Wednesday, July 30, 2014

A Supportive Family

My niece Rachel and my daughter Eleanor working at the Wedneday Community Meal today. In the background is my nephew Sam.

It's pretty much a given in my family that if you are visiting me on a Wednesday, I'll ask you to work at the Wednesday Community Meal.

My niece Maya and nephew Sam who live just blocks away from me are regular volunteers as is my daughter Eleanor and they helped again today along with my nieces Rachel and Gese who are visiting from Ellensburg, Washington.

Also joining us was Gese's friend Mary who was such a  good sport and enthusiastic when I asked her to help. She said she'd be happy to and that it actually sounded fun.  I felt spoiled having six extra helpers today.

Starting at 7 a.m. this morning, we made a shopping trip to Cash 'n' Carry for pork loin and salad ingredients. I knew we would have a large crowd with it being the fifth Wednesday of the month and wanted to be sure we had enough lean protein for our meal. It was so nice to have help carrying everything to and from the car.

Once in the kitchen of Trinity Episcopal Cathedral, there was lots of prep-work to be done. Eleanor and Rachel took on slicing just-picked cucumbers from garden of volunteer Kate and Gese and Mary washed and cut green beans from the Oregon Food Bank.

Maya was on kale chopping duty with Ginny and Fran and Sam helped get the pork loin ready for the oven.
My niece Maya helping Ginny and Fran chop kale for the meal. In the background in the white t-shirt is my other niece Gese.

The Wednesday Community Meal really is a team effort.

Once we started serving at 11 a.m, Gese and Mary worked at the exit table, handing out extra items like bread and pastries and saying goodbye to guests as they left. They said they really enjoyed meeting the guests and visiting with them.

Rachel worked alongside Amanda serving soup in the dining room.

Afterwards Rachel told me "the people who eat at the meal are so nice." They are nice people and so are my nieces and nephew for volunteering with me.

We served 400 meals today of oven-roasted pork loin, rice, seasoned slices of crisp cucumber and of course soup, salad and dessert.
Zane took on slicing all the pork loin today and did a super job.

Slices of garden-fresh cucumber donated by volunteer Kate.

Gosh I wish Rachel, Gese and Mary could stay longer and help again next week. I'm going to miss them.

Saturday, July 26, 2014

Almond Chocolate Macarons

My latest batch of French macarons are filled with lightly sweet almond buttercream and a generous dollop of dark chocolate.

I don't know why it took me so long to make a macaron with an almond filling? An almond filling should have been an obvious choice because the shells are made with ground almonds.

I tinted the filling with a touch of blue coloring and kept the shells natural. I like the simple look of these and I love how they taste.

Here's the recipe:

Almond Chocolate Macarons
 180g ground almonds, sifted
270g powdered sugar, sifted
150g egg whites, aged 2 to 4 days in the fridge and then brought to room temperature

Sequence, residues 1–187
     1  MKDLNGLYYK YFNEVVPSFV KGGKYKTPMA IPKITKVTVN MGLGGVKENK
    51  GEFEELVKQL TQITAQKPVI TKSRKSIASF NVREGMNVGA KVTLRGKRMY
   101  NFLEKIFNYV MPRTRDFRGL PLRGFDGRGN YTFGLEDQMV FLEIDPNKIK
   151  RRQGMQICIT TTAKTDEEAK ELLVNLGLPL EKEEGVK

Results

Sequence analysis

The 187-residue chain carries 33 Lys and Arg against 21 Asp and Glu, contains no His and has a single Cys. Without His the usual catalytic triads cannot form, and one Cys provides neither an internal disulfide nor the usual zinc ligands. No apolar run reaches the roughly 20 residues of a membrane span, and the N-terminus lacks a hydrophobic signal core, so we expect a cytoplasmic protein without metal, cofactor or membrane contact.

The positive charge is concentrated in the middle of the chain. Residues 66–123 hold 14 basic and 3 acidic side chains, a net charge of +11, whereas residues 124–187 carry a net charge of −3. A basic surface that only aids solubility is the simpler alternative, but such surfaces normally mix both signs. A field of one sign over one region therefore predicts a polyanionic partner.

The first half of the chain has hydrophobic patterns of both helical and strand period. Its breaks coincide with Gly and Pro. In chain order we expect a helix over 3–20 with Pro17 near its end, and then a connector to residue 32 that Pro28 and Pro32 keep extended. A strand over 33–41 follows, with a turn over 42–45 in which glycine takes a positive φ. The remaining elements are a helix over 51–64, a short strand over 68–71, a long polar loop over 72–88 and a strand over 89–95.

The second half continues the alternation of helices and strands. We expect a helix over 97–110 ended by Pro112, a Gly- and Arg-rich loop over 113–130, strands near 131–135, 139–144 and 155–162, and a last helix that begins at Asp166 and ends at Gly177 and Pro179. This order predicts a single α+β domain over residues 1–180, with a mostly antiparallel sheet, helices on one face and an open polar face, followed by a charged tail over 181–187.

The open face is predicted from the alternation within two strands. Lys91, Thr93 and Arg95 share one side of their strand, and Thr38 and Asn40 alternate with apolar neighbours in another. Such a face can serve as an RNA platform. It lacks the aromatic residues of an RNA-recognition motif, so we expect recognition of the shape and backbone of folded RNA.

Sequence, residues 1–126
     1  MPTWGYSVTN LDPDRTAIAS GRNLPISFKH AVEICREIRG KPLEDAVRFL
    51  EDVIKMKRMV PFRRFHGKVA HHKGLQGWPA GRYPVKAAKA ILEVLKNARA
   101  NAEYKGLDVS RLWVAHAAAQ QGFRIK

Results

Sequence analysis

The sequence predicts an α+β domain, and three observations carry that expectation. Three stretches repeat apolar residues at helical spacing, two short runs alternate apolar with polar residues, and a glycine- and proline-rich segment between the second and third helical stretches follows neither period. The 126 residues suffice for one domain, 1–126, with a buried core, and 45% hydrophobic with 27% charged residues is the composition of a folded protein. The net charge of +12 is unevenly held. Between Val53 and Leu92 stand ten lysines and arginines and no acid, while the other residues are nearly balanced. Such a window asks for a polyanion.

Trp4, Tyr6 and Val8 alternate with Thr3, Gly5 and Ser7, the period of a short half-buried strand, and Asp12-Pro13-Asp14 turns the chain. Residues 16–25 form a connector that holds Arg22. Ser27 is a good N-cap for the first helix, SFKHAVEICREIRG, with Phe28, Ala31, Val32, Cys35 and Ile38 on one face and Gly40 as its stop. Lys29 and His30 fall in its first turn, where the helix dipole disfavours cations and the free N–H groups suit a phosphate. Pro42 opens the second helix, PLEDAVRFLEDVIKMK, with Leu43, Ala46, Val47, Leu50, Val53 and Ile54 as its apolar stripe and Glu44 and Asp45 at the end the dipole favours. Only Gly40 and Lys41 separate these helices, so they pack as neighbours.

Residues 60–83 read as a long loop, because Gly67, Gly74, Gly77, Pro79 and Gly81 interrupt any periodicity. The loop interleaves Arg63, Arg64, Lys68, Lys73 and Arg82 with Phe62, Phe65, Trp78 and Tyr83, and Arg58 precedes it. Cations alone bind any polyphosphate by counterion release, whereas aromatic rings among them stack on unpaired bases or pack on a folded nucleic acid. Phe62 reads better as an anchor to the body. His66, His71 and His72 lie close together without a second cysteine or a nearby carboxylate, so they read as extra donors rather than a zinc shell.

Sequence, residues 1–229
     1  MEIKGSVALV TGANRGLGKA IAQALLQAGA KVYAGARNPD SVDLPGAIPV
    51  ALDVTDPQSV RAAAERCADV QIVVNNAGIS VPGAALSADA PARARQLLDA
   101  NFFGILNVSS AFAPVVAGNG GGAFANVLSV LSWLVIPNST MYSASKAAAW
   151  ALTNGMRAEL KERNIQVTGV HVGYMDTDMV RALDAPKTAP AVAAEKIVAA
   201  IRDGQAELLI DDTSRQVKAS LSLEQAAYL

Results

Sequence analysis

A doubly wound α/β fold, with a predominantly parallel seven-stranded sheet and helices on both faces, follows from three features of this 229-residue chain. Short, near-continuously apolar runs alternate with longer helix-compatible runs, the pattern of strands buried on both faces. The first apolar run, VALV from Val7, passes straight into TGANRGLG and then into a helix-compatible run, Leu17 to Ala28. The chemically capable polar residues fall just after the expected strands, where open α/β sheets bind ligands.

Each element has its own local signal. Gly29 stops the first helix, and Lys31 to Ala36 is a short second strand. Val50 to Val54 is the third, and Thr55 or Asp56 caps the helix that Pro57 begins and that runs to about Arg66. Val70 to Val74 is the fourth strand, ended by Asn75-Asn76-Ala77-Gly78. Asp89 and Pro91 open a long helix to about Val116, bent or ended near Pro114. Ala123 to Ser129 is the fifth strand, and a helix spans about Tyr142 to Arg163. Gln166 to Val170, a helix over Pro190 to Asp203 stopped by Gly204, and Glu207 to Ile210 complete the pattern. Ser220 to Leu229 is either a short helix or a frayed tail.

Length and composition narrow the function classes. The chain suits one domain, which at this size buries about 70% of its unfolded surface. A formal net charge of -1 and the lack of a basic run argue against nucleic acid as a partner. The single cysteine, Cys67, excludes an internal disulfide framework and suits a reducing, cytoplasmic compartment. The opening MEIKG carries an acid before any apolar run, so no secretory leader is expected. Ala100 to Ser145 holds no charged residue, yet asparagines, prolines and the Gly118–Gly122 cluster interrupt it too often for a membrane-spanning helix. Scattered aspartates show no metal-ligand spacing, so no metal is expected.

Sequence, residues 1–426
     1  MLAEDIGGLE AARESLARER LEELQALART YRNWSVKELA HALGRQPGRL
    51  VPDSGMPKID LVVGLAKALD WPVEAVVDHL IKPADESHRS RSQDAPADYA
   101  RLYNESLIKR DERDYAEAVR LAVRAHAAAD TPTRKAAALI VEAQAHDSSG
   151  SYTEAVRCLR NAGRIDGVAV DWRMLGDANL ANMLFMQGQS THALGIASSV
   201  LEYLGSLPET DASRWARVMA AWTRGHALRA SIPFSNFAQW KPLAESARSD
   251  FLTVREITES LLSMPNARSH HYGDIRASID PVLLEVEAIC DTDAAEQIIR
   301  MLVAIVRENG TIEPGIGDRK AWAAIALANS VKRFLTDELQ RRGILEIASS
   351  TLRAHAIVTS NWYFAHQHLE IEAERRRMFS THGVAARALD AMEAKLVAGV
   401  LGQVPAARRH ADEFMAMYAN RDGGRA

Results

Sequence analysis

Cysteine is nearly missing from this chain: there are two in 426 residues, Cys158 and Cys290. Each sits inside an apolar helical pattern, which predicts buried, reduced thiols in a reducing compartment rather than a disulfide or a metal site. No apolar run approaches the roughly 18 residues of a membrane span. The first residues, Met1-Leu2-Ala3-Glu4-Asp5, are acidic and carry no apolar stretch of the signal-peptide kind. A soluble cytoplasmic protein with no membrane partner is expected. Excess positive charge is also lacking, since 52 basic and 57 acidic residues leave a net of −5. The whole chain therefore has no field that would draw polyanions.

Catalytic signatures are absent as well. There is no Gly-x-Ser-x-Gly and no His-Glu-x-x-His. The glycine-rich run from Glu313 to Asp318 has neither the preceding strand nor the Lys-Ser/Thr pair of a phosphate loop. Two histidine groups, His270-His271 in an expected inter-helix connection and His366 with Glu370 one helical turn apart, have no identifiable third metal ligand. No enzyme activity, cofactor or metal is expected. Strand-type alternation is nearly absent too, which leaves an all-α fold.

100g granulated sugar

Line four heavy baking sheets with good quality parchment paper and set aside. Also, set aside two pastry bags for the piping of the macarons.

Sift together your ground almonds with the powdered sugar and set aside.

Whisk the egg whites (at room temperature) to glossy firm peaks adding the granulated sugar gradually in four parts.

Incorporate the dry ingredients into the beaten egg whites using a large rubber scraper.  Mix well. 

Fold the mixture with the rubber scraper by pulling down the sides and flipping the mixture over. Do this until you have a smooth mixture that falls like a “ribbon” off the scraper.

Transfer the mixture into the two piping bags. Use rubber bands to close the piping bags. Clip the tip of the bags, one at a time, and pipe small quarter sized rounds, leaving 1-inch of space between each because they spread as they set.

Leave to set for about 30 minutes or until the top has formed a crust and is not sticky to the touch.

While they are setting, preheat the oven to 325 degrees. A convection oven is preferable. 

Bake one sheet at a time in the center of the oven for about 12 minutes or until the cookie is firm, matte and doesn't wobble when touched.

Leave on the baking tray until cool then lift them all off the parchment carefully. You may need to use a thin knife to help lift them off.

Sort into pairs and fill with a dollop of dark chocolate and Almond Buttercream.

Almond Buttercream:
2 large egg whites
1/3 cup granulated sugar
Pinch of cream of tartar
2/3 cup unsalted butter, room temperature
1 1/2 teaspoons almond extract
1 teaspoon vanilla extract
Pinch of fine sea salt
Blue coloring (optional)

Place the whites in a clean mixing bowl. Whisk in sugar and cream of tartar.

Place bowl over a double boiler on medium heat, stir frequently until the mixture is very hot (120 to 130 degrees Fahrenheit).

Move to mixer and whip whites on high for 2 to 3 minutes; turn down to medium low until cool (use the bowl as your guide).

In a separate bowl with a wooden spoon, stir butter to soften.

With mixer on medium/high speed, add the butter one tablespoon at a time, adding the next tablespoon just as the previous one is blended in. Once all the butter incorporated, add in the extracts and sea salt. Add coloring if desired. 
Whip until light and fluffy.
Transfer the mixture to a piping bag.

Chocolate Filling:
Place 1/2 cup of chocolate chips (I used dark chocolate)  in a microwave safe bowl. Microwave for 30 seconds. Remove from the microwaave and stir. Keep microwaving for 10 to 20 second sessions and stirring until the chocolate is melted. Stir in 1/8 of a cup of chocolate chips and stir until the chips are melted. This is called seeding and tempers the chocolate. Let the chocolate cool just for a bit before transferring to a piping bag.
If you don't have a piping bag, you could add the chocolate with a teaspoon but the bag makes the task so easy. I like to use disposable piping bags.

To assemble:
Flip one of the macarons from each pair over and add a dollop the the dark chocolate. Let this set up for a bit before adding a dollop of buttercream and sandwiching the macarons together. Store the macarons in the refrigerator. Macarons are best made a day or two ahead of time and then brought to room temperature for 30 minutes before serving.